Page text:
Saturday, June 25, 2011

Chapter Twelve of Hampton from the Halfway Line

What is the connection between Ludwig Wittgenstein and Sir Oliver Reed -- other than both being mentioned in this chapter? Four suggestions are at the end of this section. JR 


Notting Hill, London

“Oh dear, I’ve lost him. Shit. Dani. Dani! Come and look at mummy’s phone, sweetie. What did I do? God!
“I’m here. Yes.” A familiar voice could be heard faintly as Rosalie held her mobile out to her youngest child while Dani attempted to steer the phone back toward her mother. “You’ve got me. Hi … Hi.”
“Hel-lo, how are you? Oh my God. This bloody phone.” Rosalie was walking with her daughters, Lauren and Dani, and two of the girls’ friends as they browsed the Westbourne Grove shops. After nearly three months, she still could not escape the thrill of seeing Ben Hampton’s number appear on her mobile – her new mobile that she’d not got the hang of.
The McMahon party had gotten a relatively early start this morning on a day that once had signaled the first shopping weekend of the Christmas season. Nowadays, December 1 began, essentially, the third month of the Christmas shopping marathon.
Rosalie had been attempting to persuade the girls toward a more thoughtful café than the one they headed toward. They didn’t want to think about it; they didn’t want a soulful, alternative ambience. They wanted Britain’s stronger-coffee challenge to Starbucks:  Caffé Nero situated diagonally opposite its fierce rival at the junction of Hereford Street. They wanted either “a frap and a wrap” or pan au choc and a thick and sweet hot chocolate. Rosalie didn’t mind all that much because the espresso, she could lead herself to believe, tasted somewhat like it does in Italy. Based on the company’s rising market share, many in the UK would agree.
Her husband, Peter, as one voice against, however, remarked at a recent dinner party, “I only ever use them for the toilets.”
At the same gathering, another man commented about the ever-present chain coffee bars, “Far worse than a gambling addiction.”
To which Peter responded, as he will, “I see what you mean. Zero chance of a jackpot at any time during the experience. Plus you get gallstones.”
“I am very good, thank you.” Ben answered Rosalie. He too was playing at some shopping. Kate had a list of family members and their clothes sizes. “Are you sorted?”
“Me? Sorted?” Rosalie let loose a giggle that could be heard across the teeming street. “As my charming husband might say, ‘That, my dear, is a long-term project.’ Can’t you just hear him? Well, you don’t know him, do you? Sorry. Anyway, so …”
Ben considered jumping in, but he had learned from being interviewed remotely on television to wait until he was sure the presenter had finished. Once he had appeared in studio not five feet across from the stunner, Mariella Frostrup. She’d had to repeat her first question and say his name twice because he’d been staring at her and forgot he was on a chat show.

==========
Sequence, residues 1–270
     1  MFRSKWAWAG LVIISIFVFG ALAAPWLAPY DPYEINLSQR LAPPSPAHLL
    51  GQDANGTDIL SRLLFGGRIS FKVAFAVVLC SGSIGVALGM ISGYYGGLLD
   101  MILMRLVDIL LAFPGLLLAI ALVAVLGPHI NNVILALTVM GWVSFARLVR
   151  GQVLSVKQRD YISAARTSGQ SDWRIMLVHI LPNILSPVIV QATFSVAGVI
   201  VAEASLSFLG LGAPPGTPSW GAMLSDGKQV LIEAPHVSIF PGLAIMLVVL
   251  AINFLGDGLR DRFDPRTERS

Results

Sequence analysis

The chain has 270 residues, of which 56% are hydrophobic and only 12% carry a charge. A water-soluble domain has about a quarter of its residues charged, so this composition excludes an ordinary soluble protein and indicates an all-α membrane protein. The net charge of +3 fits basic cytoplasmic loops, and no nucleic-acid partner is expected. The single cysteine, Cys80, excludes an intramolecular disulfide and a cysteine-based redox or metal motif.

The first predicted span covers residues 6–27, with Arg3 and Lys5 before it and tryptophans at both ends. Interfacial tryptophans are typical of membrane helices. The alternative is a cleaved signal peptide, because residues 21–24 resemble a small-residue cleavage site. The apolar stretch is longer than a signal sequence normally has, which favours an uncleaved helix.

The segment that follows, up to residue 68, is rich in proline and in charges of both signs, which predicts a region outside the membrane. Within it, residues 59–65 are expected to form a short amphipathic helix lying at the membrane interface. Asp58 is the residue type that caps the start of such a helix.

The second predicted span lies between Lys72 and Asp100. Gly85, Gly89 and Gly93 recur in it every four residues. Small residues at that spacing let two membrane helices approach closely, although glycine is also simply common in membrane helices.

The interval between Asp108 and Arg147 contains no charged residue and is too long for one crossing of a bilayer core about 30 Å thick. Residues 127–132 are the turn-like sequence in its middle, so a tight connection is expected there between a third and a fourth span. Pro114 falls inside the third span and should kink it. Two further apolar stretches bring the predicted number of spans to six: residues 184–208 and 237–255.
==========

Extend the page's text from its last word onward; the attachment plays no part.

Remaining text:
“… how’s it going with football’s answer to Wittgenstein?”
“Erm … nice. Actually, I only have a sec, Rosalie, so … uh … bit of a heads up.”
After having spent time with Novak (perhaps he might begin calling him Ludwig), Ben Hampton had firmly committed to the project. Over the last few weeks the author had broken the news in person to his agent, Dava Carson, and his most recent editor, Tonya Sidney at Brown Pelican – both women whom he considered friends. He had smiled a lot and tried to look cute while they had rubbed their foreheads in an almost identical fashion at which Ben had marveled and become mildly worried.
“What about?”
“You’ll probably be getting a couple of phone calls.”
“Will I?”
“Yes, one from Sizemore and Callus or maybe from their parent company – STP or DDT or … IRA or something; and the other from my … erm … Dava.”
“All right.” Rosalie followed the girls into the crowded coffee shop.
“Bit of chaos over there, as you know. Bit of unrest … at the old firm.”
“But, fine, right?”
“Um, yeah, everyone’s generally OK, apart from the bigger issues that have nothing to do with the likes of us. Regarding JJI and Dava’s agency and Brown Pelican, there’s actually a helpful bit of crossover between some of the attorneys and directors and former directors. Pleasant, that. It’s not really my bag, you know, so ...”
“Not a worry. What’s happened? Did someone get his feelings hurt? I’ll help you.”
“The problems at the moment, from what I gather, center around this publisher of yours.”
“God! What?”
“Minding one’s manners and offering a sort of fealty wasn’t part of their game plan.”
“No interest in the old ‘under the radar’?”
“Afraid not. And apparently they and some of their representatives are mildly touchy, even though they’ve got one arm round the proverbial golden goose.”
“Oh, dear. I’m afraid I don’t know them too well, beyond Jonathan James. Suppose I’ll have to get in there and root out the officious, Billy Bigheads.”
“All right. You do your bit, and I’ll walk by the river with my Ipod and reexamine my ability to charm and disarm everyone. Some of those sports marketing group types really like themselves.”
“Mm, great global conglomerates can be like that.”
“Especially those that project the shame they feel about their own inadequacies as disdain toward the little companies they’ve gobbled up.” Ben had refined that line earlier in the shower. “Excuse me.” Then, to Kate, “Just a cappuccino, thank you.”
“Where are you?”
“At a Caffé Nero. Windsor Royal.”
“I’m at a Caffé Nero. Westbourne Grove.”
“Are you?”
“Kate. Rosalie’s at a Caffé Nero.”
“What did she say?” Rosalie asked.
“She said, erm, ‘Is she?’”

After a brief, back and forth on the banality of the chain coffee shop experience and what Kate was ordering and Ben assuring Rosalie that Kate did indeed like her, followed by a shopping anecdote from Rosalie involving her teenage daughters and a pair of inky blue silk velvet sneakers in Emma Hope, the agent returned to the topic of keeping the legal spokesmen for JJI Sports Reform Press from mucking up her deal. For that wasn’t going to happen in a month of Sundays.
I owe it to my client, she girded herself in such moments.

Rosalie McMahon didn’t know how other people in her position felt, really. And she wondered if, going forward, she would allow herself to be captured in this way by what she was doing, what she was trying to … give. She didn’t even know to whom she was trying to give. The woman was in love. She was in love with what she was doing. Rosalie believed she had something practically everyone else she knew had – a vocation. Not simply a job; much more than a career; even significantly greater than a métier. For the first time in her life, she was having a love affair with something other than a person, something other than a man. A few boys at university, a couple of infatuations before that, an absolutely delicious cousin from Edinburgh; but then Peter and that was it. That’s enough probably. You don’t want to risk it with one man too many.